Wednesday, February 07, 2007

A New Acquisition

So, anyone who regularly reads this space (the two of you know who you are) probably knows that I've been ruminating my next purchase.

Last night, I narrowed the field considerably. For about the last dozen years, I've owned, and still own for that matter, a number of .380, .32 and 9mm pistols. Recently, I've taken a liking to large frame/caliber revolvers and do have some but I've just had this itch for something in .45 ACP, and in a 1911 platform.

The reasons are plenty. Having shot DA 9's for so long you'd think I'd have gotten use to the traditional triggers of such and the disproportionately long travel and reset on these things, but I must admit to being aggravated by not being able to do quick transitions and doubles on targets. They just aren't setup to shoot quickly with pin-point accuracy. Most of this, I have come to the conclusion, is because of the levered trigger, typical to almost all DA's. The lockwork is just not setup for precise, short, coordinated movement at the fingertips. Precisely squeezing, using the whole forearm and fist wrapped around the damned Europellet-dispensing, double stack, double-action grip is too much to ask of my physiology when acquiring and neutralizing multiple moving targets. Call me slow on the uptake, but I think I've finally figured it out, I've always loved the ergonomics of the 1911, and I finally did something about that. Besides, having nothing in an autoloader in something bigger than 9mm had me questioning my patriotism, the .45 ACP is the benchmark from which all others shall be judged, right?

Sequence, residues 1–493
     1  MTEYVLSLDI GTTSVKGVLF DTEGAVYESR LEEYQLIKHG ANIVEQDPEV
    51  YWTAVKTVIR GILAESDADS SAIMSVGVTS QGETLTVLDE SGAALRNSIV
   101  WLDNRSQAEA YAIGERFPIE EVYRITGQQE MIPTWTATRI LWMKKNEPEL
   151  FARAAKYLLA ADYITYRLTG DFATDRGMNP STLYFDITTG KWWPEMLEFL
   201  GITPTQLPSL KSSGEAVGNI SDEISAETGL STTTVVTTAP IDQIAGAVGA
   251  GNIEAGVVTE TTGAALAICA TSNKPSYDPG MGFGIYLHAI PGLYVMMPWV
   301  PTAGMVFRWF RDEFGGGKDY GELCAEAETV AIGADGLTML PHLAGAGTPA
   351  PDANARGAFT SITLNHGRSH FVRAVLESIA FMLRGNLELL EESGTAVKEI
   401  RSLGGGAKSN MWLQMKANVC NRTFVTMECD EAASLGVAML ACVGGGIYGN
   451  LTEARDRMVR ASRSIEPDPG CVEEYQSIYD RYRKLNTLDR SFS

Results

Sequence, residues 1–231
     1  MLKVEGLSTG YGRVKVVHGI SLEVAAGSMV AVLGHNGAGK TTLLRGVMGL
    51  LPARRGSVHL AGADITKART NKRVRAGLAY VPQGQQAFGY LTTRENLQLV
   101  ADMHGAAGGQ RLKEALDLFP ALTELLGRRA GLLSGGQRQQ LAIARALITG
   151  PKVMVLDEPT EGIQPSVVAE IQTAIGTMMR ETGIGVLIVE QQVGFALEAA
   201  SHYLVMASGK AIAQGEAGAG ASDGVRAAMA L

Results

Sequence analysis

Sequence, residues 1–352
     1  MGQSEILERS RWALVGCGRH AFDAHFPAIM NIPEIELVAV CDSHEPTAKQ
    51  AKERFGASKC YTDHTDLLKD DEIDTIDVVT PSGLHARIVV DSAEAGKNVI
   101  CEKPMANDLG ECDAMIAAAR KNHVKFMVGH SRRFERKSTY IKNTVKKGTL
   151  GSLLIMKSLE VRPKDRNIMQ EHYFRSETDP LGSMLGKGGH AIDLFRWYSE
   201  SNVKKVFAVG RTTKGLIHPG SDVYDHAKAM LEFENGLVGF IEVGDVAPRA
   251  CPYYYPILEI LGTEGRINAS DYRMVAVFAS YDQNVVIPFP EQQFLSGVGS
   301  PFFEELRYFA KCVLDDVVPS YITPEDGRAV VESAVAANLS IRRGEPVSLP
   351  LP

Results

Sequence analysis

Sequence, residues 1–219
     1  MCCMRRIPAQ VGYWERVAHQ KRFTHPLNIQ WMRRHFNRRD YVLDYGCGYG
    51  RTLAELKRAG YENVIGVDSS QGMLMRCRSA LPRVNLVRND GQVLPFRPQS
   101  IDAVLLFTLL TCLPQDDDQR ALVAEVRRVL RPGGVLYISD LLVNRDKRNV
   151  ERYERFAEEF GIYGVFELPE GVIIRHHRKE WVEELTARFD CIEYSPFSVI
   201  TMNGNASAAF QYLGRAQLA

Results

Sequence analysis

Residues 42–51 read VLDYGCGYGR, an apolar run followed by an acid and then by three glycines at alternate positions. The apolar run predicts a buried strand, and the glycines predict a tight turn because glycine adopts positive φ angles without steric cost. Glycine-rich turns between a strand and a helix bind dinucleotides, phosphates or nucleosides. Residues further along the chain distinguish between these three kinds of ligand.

Meet my Springfield Armory Mil-Specâ„¢.

The frame is marked as being manufactured by IMBEL of Brazil, for Springfield and their site confirms that the slide is as well. No bother, as I have full confidence in both IMBEL, who have a long history of making various firearms, and Springfield's quality. Good forgings, a parkerized finish and few frills was exactly what I was wanting in a basic 1911, and this is precisely what they deliver.